On air, and talking about HIV/AIDS
By Papri Sri Rajan Aug 12, 2007, 7:35 GMT
Chennai, Aug 12 (IANS) Talking about HIV/AIDS is not easy. Giving voice to fears and getting reassured by your favourite heroes is what radio stations in India are now doing, thanks to training given to radio jockeys and participation by stars.
Chennai's popular radio channel Radio Mirchi, in association with the Heroes Project - the largest non-governmental public service campaign in India - and the Satyam Foundation has begun a month-long initiative to address AIDS-related issues directly and provide the common man answers, which everyone can listen to.
Radio City journalist Gobinath Chandran produced two radio programmes on AIDS treatment that won him the National Press Foundation fellowship to participate in the Fourth International AIDS Society conference in Sydney this July.
The Internews Training and Resource Centre (ITRC) is training Gopinath and many other radio journalists in Chennai, with USAID.
The ITRC has completed training for two batches of radio journalists and 'this is the first time in India that such training is being offered', says Jaya Sridhar of Internews.
Virginia Moncrieff of the Australian Broadcasting Corp, who has been training Indian journalists for a year now, told IANS: 'Radio is a very vibrant media.'
She has also trained radio journalists in Sri Lanka, Palestine, the Maldives and Aceh after the 2004 tsunami.
Giving the example of coverage of the earthquake in Kashmir, she says: 'Community radio has taken off very well there. And this is the first time people have had a voice.'
She trained women with very low literacy rates in Pakistan's North West Frontier Province in 2005, after the quake.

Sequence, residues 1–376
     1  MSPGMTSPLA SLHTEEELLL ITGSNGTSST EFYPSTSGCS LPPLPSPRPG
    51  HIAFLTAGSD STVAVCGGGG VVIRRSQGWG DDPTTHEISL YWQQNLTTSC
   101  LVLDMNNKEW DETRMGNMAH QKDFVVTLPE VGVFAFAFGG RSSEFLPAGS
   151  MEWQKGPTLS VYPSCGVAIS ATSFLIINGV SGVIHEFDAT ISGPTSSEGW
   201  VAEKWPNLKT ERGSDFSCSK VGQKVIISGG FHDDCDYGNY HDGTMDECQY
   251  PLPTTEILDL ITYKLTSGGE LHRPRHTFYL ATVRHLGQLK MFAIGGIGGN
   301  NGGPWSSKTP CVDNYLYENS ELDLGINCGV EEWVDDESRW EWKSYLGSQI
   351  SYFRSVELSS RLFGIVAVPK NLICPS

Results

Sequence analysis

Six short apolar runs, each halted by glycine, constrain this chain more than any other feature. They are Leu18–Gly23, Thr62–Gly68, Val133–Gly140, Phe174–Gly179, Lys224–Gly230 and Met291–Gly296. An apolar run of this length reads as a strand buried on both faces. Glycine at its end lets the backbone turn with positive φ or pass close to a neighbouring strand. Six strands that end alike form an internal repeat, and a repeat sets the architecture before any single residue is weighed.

'They had never seen a computer before ... we taught them how to edit voice programmes on the computer. It increased their self-esteem greatly.'
After disaster management, now it's healthcare that has emerged out of the FM radio.
'To be able to talk freely about some extremely sensitive issues, I think it is a hurdle', says Moncrieff.
'People (radio jockeys) are now willing to learn how to get over the issues.
People need information. They (the RJs) see themselves now as agents of change,' she notes.
Says Radio Mirchi station director Mahesh Shetty: 'Being one of the leading radio channels, we thought it is our responsibility to spread the message of AIDS and address issues of importance to the public.
'We are indeed happy to be partnering in the Heroes Project for this initiative.'
The Radio Mirchi campaign was conceived to dispel myths and misconceptions that prevail in the minds of people even 20 years into the epidemic.
Using the strengths of the radio as a medium, the campaign was rolled out in two main segments from Aug 6.
To enable wider connect with the listeners, Radio Mirchi style messages are disseminated throughout the day, addressing issues of care and support, stigma and discrimination.
The highlight of the campaign is the celebrity quiz. For two weeks, every day, a new question is asked by a different celebrity on HIV/AIDS, thereby addressing myths and misconceptions related to the issue.
The answers are given by members of the Tamil film industry including Kamal Haasan, Sharath Kumar, Radhika, Khushboo, Madhavan, Gouthami, Revathy and Vivek among others.
Says actress Revathy, associated with AIDS awareness campaigns for long and director of 'Phir Milenge': 'It is time now to come right out with it, up front and talk about sex and sexually transmitted diseases like AIDS.'
In addition to the messages given, a helpline number (044-2534 5555), manned by PSI Saadhan, is also provided so listeners can call for further information and referral services.
Speaking on the initiative, Vinita Sidhartha, state director of Heroes Project says: 'HIV as an issue continues to be surrounded by misconceptions.
'By mainstreaming the issue and providing an entertaining platform, together with proactive involvement from top celebrities, Radio Mirchi, Satyam Foundation and its Red Ribbon Clubs (for HIV awareness of youth) and PSI Saadhan, this programme expects to address these myths head on.'
As the campaign pans out, Radio Mirchi jockeys interact with people at Satyam Foundation, the corporate social responsibility arm of Satyam Computer Services Ltd, to understand their efforts on the issue.
© 2007 Indo-Asian News Service